Hunting and Fishing News & Blog Articles
How Tooth Collection Helps Set Future Hunting Regulations
Tooth analysis helps biologists study big game populations. (Nate Libal/Wis. DNR/)
Wyoming Game and Fish wildlife researchers are taking a big bite out of the state’s hunter harvest data. With more than 4,000 teeth from big game animals submitted by hunters in the 2020 season, the ongoing research will be used to compile information on population dynamics and decisions about management strategies.
Hunters submit teeth from elk, mule deer, whitetail deer, moose, black bears, mountain lions, and bison. The WFGD biologists then study the teeth via cementum annuli analysis, which is similar to counting the rings in a tree. An annulus, or dark ring, is formed each winter between the cementum formed in spring and summer growth periods.
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Deer hunters likely are familiar with the cementum annuli method. It is frequently mentioned in discussions about aging by state agencies and organizations. It is similar to aging fish by counting the rings on the otoliths, which come from a fish’s ear. Wyoming Game and Fish biologists use both first incisors for mule deer, whitetail deer, elk, moose, bison, and other ungulates. Other species studied include pronghorns, bobcats, mountain lions, and black bears.
Teeth collected at hunting areas, check stations and via random field checks are sent to the agency’s Forensic and Fish Health Laboratory in Laramie. Some are recovered by Game and Fish officials from animals that died by natural causes or roadkills. Molly Bredehoft coordinates the program for the agency.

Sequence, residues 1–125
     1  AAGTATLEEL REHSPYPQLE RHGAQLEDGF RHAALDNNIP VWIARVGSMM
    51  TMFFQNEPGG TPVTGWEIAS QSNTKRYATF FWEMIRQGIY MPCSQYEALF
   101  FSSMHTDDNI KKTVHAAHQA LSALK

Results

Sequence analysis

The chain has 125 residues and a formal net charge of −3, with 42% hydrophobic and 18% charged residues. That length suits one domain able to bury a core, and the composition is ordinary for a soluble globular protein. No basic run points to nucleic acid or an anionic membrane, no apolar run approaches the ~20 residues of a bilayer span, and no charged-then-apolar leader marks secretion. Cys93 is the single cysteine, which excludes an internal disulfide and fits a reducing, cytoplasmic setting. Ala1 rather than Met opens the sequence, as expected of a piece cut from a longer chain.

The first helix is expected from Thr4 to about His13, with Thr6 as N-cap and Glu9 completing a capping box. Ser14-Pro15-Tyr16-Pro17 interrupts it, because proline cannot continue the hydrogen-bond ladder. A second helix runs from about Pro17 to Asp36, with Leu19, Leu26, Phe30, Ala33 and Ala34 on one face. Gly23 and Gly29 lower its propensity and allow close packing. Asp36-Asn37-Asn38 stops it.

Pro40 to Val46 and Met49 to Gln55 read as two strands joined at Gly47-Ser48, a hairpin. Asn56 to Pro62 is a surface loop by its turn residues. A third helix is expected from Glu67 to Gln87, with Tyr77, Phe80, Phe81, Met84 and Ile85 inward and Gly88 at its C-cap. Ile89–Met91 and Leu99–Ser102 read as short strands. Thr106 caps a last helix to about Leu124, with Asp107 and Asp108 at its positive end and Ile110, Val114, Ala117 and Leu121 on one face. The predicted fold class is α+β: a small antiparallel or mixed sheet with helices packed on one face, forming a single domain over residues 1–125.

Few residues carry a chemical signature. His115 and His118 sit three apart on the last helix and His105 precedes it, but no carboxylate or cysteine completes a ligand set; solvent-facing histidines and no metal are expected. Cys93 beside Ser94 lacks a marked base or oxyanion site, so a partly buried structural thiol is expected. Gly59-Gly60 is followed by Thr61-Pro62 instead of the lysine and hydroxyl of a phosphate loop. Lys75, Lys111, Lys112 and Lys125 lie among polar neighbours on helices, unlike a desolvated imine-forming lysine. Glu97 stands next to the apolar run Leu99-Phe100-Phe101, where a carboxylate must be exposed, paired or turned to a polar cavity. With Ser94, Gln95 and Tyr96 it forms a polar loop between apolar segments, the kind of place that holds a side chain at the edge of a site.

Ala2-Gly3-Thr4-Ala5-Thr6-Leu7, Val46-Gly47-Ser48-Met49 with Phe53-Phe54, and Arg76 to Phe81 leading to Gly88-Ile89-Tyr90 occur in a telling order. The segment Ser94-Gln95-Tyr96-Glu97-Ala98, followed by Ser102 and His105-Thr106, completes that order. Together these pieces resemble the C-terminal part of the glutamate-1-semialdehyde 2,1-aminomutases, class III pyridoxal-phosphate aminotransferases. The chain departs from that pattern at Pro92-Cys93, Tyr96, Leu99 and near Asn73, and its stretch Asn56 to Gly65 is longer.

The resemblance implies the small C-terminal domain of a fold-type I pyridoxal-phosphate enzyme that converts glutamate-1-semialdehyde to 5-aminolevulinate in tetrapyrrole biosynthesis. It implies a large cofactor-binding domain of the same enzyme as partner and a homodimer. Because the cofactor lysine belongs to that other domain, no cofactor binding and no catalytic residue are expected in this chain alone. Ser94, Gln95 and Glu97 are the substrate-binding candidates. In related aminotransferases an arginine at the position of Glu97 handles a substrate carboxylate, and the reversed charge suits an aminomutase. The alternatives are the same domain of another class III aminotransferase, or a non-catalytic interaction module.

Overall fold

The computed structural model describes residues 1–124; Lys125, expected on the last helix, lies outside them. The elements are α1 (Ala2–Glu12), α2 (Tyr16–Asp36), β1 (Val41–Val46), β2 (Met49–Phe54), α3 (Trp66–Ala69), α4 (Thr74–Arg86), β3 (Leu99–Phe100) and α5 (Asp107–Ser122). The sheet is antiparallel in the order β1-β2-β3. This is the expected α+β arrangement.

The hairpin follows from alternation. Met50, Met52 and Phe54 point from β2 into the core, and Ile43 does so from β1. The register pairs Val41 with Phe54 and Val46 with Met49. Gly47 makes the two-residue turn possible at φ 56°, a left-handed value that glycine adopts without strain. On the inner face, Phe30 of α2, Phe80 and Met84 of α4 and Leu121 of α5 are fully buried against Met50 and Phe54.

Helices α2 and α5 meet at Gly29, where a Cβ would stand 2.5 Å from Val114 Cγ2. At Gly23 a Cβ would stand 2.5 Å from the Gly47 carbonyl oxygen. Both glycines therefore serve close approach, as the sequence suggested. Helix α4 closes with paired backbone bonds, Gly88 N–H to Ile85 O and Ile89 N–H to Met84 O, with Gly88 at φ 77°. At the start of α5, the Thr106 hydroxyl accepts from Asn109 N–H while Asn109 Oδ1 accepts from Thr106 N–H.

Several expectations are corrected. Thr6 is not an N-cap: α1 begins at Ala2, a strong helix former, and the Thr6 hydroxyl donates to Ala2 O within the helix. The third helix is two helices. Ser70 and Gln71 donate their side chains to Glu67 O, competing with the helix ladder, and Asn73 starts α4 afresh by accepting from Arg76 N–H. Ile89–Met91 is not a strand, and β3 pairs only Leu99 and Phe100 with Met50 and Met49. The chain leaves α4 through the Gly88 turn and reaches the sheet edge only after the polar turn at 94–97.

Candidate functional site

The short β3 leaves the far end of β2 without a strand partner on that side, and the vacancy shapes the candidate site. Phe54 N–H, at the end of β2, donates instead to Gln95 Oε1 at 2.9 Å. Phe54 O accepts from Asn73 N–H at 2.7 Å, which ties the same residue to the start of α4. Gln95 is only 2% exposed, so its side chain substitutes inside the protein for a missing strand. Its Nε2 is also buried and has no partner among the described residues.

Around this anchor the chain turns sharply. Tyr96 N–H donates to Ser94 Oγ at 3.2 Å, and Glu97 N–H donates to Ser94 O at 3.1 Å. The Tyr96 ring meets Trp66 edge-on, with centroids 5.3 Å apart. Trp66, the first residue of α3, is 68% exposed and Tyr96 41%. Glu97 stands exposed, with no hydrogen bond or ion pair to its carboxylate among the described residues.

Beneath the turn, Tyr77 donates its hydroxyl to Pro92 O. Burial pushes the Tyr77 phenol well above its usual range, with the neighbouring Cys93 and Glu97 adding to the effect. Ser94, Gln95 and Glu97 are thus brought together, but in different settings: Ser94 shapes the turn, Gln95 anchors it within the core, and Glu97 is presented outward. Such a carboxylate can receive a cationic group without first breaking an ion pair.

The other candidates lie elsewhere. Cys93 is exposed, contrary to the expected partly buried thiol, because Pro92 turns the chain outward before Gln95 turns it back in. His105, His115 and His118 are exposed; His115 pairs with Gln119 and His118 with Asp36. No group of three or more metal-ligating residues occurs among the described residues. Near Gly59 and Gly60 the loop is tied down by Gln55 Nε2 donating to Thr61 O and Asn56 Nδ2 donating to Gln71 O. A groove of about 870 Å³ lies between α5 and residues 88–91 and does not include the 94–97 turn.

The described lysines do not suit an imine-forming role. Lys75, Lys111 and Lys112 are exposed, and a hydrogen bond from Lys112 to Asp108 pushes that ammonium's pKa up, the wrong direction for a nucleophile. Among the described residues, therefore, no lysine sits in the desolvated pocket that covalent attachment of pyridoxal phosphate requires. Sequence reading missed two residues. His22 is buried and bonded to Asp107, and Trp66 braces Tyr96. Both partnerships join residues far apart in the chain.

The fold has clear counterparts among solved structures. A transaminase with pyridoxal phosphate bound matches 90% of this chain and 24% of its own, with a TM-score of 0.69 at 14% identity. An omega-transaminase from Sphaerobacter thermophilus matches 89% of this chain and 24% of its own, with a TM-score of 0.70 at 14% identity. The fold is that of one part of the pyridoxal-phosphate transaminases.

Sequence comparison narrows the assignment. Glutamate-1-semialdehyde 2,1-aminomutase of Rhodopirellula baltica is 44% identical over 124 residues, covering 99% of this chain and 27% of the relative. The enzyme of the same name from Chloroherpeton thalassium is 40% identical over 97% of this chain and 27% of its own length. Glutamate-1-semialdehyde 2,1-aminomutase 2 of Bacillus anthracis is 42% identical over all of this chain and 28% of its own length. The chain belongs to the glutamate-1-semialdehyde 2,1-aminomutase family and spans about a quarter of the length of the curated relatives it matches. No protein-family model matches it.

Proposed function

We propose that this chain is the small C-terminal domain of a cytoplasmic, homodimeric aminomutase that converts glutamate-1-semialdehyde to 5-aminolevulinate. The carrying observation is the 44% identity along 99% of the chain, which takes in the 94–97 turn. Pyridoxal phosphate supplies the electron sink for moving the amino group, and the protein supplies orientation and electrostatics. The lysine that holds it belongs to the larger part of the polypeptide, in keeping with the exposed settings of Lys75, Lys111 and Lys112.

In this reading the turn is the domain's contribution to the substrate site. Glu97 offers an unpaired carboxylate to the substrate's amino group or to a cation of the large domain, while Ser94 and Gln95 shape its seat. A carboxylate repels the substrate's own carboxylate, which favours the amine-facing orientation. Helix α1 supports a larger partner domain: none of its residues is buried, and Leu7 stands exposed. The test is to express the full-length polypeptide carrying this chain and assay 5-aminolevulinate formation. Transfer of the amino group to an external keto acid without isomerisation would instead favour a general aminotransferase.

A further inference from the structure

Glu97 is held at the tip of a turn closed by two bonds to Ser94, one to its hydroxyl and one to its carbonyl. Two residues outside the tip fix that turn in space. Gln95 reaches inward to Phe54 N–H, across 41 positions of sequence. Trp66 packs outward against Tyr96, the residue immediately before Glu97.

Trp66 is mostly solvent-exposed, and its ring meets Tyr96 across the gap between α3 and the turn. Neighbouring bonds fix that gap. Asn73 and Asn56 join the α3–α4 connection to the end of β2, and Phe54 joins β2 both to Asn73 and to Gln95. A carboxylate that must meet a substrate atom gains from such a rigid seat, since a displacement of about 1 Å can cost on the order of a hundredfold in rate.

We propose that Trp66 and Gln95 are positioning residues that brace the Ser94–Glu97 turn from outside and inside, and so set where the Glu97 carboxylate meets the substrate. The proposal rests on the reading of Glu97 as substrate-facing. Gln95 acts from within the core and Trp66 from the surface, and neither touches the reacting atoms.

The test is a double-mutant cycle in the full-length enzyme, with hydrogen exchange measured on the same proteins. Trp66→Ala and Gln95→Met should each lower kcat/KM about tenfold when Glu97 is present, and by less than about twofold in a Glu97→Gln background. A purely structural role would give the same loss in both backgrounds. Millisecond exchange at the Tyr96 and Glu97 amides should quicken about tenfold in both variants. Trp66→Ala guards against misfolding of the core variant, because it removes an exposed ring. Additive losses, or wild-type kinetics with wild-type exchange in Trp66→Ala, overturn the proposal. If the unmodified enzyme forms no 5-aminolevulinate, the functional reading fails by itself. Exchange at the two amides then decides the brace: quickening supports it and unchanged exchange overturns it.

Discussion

”For 2020, we’ve aged 827 pronghorn teeth so far,” Bredehoft said in a press release. “That’s much higher than just a few years ago—in 2018 only six teeth were submitted and analyzed. In 2019 our number of pronghorn teeth increased to over 500 due to a collaborative research project with the University of Wyoming, and this year’s high numbers are due to the continuation of the research.”
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Aging helps the biologists study population trends and age structures. With elk, for example, data from the cementum annuli analysis is best with female elk because there is little to no age bias by hunters. However with bull elk, hunters are more likely to target older bulls with bigger racks. The better data helps with accuracy in population numbers and future management decisions. The oldest hunter-harvested pronghorn was 13.5 years old. The other oldest species: elk, 16.5; whitetail deer, 12.5; mule deer, 12.5; and moose, 11.
Hunters who submitted tooth samples can check the results on the Game and Fish site via registered account. Bredehoft said information on big game is being updated and posted in March along with historical information on black bear, mountain lion and other species.